airy

[air-ee]
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adjective, air·i·er, air·i·est.


Origin of airy

1350–1400; Middle English ayery; see air1, -y1
Can be confusedaerie airy

Synonyms for airy

Dictionary.com Unabridged Based on the Random House Unabridged Dictionary, © Random House, Inc. 2019


Examples from the Web for airier

Historical Examples of airier


British Dictionary definitions for airier

Airy

noun

Sir George Biddell . 1801–92, British astronomer, noted for his estimate of the earth's density from gravity measurements in mines; astronomer royal (1835–81)

airy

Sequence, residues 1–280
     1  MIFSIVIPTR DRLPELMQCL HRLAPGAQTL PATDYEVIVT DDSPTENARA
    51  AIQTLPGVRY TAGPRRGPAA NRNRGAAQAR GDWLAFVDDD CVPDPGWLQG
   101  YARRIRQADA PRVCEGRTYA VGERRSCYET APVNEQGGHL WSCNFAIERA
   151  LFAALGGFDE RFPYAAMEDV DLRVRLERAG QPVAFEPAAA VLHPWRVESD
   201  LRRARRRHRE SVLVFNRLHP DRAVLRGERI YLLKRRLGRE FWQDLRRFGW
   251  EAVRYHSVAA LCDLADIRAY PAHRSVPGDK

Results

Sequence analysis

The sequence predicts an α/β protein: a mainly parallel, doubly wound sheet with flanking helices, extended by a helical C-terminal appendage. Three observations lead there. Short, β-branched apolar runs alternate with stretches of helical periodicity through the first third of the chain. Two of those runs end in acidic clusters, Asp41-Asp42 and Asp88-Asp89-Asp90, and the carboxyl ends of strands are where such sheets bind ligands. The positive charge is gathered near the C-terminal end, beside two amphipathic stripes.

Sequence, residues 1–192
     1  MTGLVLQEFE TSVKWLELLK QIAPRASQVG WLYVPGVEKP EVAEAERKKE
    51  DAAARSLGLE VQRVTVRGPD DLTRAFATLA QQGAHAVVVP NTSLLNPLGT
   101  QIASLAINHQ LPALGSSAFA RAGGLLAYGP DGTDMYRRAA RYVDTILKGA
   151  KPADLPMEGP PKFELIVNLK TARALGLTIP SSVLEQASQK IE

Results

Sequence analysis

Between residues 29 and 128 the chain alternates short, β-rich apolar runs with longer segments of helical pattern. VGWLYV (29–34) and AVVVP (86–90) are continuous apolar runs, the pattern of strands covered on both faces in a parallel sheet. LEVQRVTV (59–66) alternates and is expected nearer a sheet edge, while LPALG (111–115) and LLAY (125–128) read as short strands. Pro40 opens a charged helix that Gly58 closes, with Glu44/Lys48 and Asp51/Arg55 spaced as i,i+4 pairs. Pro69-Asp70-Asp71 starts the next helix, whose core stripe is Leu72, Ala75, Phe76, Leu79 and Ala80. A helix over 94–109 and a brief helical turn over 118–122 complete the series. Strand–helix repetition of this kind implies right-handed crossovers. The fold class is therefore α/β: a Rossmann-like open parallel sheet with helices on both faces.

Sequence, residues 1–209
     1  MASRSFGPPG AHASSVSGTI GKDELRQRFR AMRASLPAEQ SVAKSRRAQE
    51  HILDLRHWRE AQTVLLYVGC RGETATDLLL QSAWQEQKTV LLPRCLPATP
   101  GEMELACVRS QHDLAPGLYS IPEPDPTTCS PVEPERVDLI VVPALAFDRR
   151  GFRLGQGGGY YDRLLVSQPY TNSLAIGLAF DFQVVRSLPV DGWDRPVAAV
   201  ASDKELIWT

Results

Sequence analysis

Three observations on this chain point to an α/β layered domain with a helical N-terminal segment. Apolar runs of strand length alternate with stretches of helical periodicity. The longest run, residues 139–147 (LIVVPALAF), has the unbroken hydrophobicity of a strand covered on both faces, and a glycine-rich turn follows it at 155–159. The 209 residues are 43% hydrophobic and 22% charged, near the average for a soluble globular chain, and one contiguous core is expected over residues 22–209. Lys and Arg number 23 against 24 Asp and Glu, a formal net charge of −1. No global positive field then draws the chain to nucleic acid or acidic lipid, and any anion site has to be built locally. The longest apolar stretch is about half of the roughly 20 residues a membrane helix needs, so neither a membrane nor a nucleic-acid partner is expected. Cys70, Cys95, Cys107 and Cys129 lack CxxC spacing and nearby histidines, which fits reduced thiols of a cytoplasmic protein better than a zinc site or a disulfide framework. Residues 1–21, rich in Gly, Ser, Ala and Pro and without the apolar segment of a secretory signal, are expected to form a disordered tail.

adjective airier or airiest

abounding in fresh air
spacious or uncluttered
nonchalant; superficial
visionary; fancifulairy promises; airy plans
of or relating to air
weightless and insubstantialan airy gossamer
light and graceful in movement
having no material substanceairy spirits
high up in the air; lofty
performed in the air; aerial
Collins English Dictionary - Complete & Unabridged 2012 Digital Edition © William Collins Sons & Co. Ltd. 1979, 1986 © HarperCollins Publishers 1998, 2000, 2003, 2005, 2006, 2007, 2009, 2012

Word Origin and History for airier

airy

adj.

late 14c., "of the air, made of air," from air (n.1) + -y (2). Meaning "breezy" is attested from 1590s; that of "lively" is from 1640s. Sense of "vain, unsubstantial" is from 1580s. Disparaging airy-fairy is attested from 1920 (earlier in a sense of "delicate or light as a fairy," which is how Tennyson used it in 1830).

Online Etymology Dictionary, © 2010 Douglas Harper